US Offers to Help Rebuild Iraqi Shrine's Golden Dome

Susan Jones | Senior Editor | Thursday, February 23, 2006

US Offers to Help Rebuild Iraqi Shrine's Golden Dome

(CNSNews.com) - "The people of the United States strongly condemn the bombing of the golden mosque," President Bush said Thursday morning at the White House.

He was referring to a golden-domed Shi'ite shrine in Samarra, Iraq, that was bombed on Wednesday -- apparently by terrorists who are intent on destabilizing Iraq.

The bombing of the al-Askari shrine and the destruction of its famous golden dome prompted a backlash of violence directed at Iraqi Sunnis. The eruption of sectarian violence has some people talking about all-out civil war in Iraq, something terrorists are trying to foment and the U.S.-led coalition is trying to prevent.

"We believe in freedom of worship," President Bush said on Thursday. And I understand the consternation and concern of the Iraqi Shias when they see this most holy site wantonly destroyed."

President Bush, speaking to reporters after a cabinet meeting, thanked the Iraqi leaders who have tried to calm the violence spawned by the mosque bombing. He said "voices of reason" understand that the bombing is a political act intended to create civil strife.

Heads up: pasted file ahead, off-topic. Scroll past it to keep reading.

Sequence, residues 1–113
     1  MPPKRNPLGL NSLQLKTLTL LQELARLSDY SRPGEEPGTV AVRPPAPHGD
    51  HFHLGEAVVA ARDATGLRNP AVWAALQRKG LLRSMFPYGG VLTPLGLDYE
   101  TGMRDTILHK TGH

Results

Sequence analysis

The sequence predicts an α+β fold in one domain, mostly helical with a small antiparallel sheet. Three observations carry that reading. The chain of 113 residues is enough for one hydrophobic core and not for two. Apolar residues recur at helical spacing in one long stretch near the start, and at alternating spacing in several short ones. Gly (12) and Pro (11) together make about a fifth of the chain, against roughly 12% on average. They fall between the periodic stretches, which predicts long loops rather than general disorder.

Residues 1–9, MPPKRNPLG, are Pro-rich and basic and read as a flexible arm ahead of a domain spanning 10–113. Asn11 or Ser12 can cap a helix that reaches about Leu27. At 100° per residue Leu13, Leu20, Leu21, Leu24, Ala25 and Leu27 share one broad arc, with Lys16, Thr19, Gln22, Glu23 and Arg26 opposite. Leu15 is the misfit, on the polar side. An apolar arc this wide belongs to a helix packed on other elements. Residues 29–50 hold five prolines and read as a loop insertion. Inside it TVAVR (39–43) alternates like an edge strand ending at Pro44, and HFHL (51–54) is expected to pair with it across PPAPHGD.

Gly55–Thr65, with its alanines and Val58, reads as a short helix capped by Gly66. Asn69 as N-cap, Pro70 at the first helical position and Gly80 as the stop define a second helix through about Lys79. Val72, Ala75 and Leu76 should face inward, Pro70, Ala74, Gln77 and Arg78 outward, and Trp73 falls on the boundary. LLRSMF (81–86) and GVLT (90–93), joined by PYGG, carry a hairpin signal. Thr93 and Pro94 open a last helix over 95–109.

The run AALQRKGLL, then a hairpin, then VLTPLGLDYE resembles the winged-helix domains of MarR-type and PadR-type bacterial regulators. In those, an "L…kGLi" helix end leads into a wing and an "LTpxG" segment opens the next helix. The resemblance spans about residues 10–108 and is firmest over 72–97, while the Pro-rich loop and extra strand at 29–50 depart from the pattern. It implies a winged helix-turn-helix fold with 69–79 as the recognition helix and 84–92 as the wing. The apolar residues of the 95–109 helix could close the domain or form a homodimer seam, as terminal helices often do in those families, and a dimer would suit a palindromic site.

President Bush called it an "evil act," and he assured the Iraqi people that the U.S. government is serious in its commitment to help rebuild the "beautiful dome."

Ports and hurricanes

Asked about the controversy surrounding the Dubai ports deal - allowing a company owned by the United Arab Emirates to assume operation of terminals in six major U.S. ports -- President Bush said, "the more people learn about the transaction that has been scrutinized and approved by my government, the more they'll be comforted that our ports will be secure."

Bush again called the U.A.E. a valuable ally, and he repeated his surprise that a British company was allowed to manage U.S. ports without comment, while an Arab ally is not.

He said his administration will continue to talk to members of Congress "and explain clearly why the decision was made."

Before taking questions from reporters, President Bush mentioned a report prepared by his administration, addressing government failures in the wake of Hurricane Katrina.

The "lessons learned" report -- and recommendations on how to respond to future natural disasters -- was prepared by Bush's homeland security advisor Fran Townsend.

"I wasn't satisfied with the federal response" to Katrina, Bush told reporters. He said he reminded his cabinet that hurricane season begins in June; and the president said he will be "tracking the implementation of the recommendations" contained in the report.

The Katrina report prepared by the White House includes 125 recommendations, 11 of which should be implemented before June 1, press reports said.

President Bush also repeated his "ongoing and robust" commitment to rebuild the Gulf Coast.

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